Denmark’s prime minister, Mette Frederiksen, is under pressure to drop plans to work with Israel on vaccines, as political allies demanded that surplus doses be shared with Palestinians instead.
Frederiksen and the Austrian chancellor, Sebastian Kurz, will visit the Israeli prime minister, Benjamin Netanyahu, on Thursday to discuss a joint project on producing vaccines for any future coronavirus variants.
Before leaving for Tel Aviv the Danish prime minister said that options under discussion would range from the joint financing of new factories for production to the purchase of doses surplus to the successful Israeli vaccination programme.
“I do not rule out any ideas – not even to build factories,” she said. “We are happy to buy vaccines from countries that cannot use them – either because they do not have time to roll them out at the same rate as us, or for other reasons.”
But the announcement of a potential tie-up with Israel has received a sceptical airing in some quarters at home, with the Politiken newspaper publishing an editorial headlined: “Israel’s apartheid vaccination policy is a disgrace. Mette Frederiksen should condemn it – not beg vaccines of Israel.”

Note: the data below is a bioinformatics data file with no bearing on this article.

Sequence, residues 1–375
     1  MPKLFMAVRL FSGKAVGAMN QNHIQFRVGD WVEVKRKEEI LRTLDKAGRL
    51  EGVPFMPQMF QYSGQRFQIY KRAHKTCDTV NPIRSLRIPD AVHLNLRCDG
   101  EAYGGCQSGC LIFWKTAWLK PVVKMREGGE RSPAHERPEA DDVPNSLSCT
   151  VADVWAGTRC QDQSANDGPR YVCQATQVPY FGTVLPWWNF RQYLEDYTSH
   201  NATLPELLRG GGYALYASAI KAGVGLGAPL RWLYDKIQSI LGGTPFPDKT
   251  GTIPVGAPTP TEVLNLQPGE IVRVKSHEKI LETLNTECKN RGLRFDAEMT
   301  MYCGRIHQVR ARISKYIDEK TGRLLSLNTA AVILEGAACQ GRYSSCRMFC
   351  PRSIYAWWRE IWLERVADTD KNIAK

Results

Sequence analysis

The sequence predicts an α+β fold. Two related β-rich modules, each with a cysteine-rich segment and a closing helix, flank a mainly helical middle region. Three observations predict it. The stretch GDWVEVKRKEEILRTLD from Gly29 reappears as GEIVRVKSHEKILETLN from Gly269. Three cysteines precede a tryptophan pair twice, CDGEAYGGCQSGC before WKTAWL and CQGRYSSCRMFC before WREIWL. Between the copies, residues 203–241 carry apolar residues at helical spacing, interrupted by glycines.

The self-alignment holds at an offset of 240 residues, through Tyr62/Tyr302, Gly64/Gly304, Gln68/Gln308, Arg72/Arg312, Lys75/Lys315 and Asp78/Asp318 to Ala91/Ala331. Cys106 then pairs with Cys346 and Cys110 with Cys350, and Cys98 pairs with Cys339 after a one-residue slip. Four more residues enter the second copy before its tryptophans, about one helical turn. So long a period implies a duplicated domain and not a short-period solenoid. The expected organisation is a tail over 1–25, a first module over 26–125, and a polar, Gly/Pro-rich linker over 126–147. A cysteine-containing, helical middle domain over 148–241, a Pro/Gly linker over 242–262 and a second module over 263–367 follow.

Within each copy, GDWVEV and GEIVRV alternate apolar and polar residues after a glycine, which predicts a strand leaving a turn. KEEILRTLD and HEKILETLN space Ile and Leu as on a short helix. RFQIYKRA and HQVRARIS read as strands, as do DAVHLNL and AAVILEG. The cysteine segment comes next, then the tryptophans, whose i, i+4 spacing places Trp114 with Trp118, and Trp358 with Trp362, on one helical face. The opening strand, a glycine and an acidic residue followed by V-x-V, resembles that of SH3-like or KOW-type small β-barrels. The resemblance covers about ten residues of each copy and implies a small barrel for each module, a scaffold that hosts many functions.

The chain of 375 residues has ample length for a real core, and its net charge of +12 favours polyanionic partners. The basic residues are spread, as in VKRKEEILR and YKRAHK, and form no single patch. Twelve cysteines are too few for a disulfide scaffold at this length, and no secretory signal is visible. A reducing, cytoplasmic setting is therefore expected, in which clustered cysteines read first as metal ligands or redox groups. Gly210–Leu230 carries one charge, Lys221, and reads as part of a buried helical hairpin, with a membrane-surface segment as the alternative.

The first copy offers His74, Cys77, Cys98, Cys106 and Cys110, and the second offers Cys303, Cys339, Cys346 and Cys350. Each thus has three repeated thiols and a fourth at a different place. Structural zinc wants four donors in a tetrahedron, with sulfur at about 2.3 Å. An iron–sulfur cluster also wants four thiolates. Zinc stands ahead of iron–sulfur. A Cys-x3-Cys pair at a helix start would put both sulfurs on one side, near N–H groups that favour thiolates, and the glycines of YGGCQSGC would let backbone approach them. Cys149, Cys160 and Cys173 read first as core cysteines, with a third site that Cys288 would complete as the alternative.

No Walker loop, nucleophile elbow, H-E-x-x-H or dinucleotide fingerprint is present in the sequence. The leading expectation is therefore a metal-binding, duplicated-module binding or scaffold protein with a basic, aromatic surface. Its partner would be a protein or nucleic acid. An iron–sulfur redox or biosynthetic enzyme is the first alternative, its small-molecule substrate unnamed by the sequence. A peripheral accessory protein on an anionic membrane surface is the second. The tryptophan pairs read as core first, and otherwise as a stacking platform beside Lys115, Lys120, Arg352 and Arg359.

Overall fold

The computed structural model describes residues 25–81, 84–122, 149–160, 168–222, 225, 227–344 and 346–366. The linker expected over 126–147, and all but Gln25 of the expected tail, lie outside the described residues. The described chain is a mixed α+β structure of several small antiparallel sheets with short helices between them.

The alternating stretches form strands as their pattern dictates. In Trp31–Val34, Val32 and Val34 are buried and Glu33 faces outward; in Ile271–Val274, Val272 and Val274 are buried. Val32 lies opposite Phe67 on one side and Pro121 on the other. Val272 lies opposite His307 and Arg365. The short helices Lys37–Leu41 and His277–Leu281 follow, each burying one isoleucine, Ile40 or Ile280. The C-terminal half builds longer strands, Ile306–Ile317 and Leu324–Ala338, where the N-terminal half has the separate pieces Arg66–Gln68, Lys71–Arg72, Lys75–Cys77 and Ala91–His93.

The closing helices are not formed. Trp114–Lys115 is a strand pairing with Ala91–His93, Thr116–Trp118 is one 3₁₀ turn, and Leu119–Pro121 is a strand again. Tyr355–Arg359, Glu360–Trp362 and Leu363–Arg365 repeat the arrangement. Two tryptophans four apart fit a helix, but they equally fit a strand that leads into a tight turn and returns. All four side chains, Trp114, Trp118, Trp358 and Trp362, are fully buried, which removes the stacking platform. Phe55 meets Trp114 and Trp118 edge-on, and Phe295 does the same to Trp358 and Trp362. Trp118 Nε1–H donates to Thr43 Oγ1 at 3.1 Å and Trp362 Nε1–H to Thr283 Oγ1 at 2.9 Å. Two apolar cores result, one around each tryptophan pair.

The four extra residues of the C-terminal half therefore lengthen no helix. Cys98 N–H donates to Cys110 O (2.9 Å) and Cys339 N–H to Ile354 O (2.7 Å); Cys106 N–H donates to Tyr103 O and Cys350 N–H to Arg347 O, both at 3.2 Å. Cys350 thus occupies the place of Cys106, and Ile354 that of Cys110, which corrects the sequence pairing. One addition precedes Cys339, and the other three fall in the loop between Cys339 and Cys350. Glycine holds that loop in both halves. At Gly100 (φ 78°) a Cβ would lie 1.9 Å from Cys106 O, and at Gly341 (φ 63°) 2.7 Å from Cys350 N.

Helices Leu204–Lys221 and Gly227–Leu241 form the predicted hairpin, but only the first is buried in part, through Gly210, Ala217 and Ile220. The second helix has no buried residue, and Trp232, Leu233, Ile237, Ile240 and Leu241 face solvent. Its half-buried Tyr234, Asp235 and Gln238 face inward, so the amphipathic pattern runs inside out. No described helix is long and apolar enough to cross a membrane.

According to the latest health ministry data, 52% of Israel’s population have been administered with a vaccine jab, making it a world leader. But Netanyahu’s government agreed only last Sunday to vaccinate tens of thousands of Palestinians holding permits to work in Israel and the settlements after heavy criticism over the small number of jabs given to those under occupation in the West Bank and in Gaza.
Human rights organisations have argued that international law requires Israel to provide Palestinians with similar access to vaccines as its own citizens. The Palestinian Authority has said it has received just 2,000 doses from Israel and 10,000 from Russia.
Søren Søndergaard MP, a spokesman for foreign affairs for the leftwing Red-Green Alliance group, which supports Frederiksen’s minority Social Democrat government, said: “Denmark should not give Israel’s occupation and policies of apartheid [approval] in the urge to deliver vaccines to the Danish public.
“We should not rely on Israel, an occupier of 54 years, to produce vaccines for us. Apartheid and global solidarity in time of the pandemic do not go hand in hand.
“It would be a historic mistake for Denmark to cooperate with Israel as long as Israel does not live up to its obligations under international law. Instead, we should demand of Israel to provide the Palestinians with the vaccines, which they have a rightful claim to.”
Frederiksen relies on the support of the Socialist People’s party, the Red-Green Alliance and the Social Liberal party to pass its legislative programme. Austria’s chancellor said this week that the EU’s vaccination roll-out, which has been bedevilled by supply problems, was “too slow”. According to the latest data, about 7% of the EU population have received a jab compared with 31% in the UK.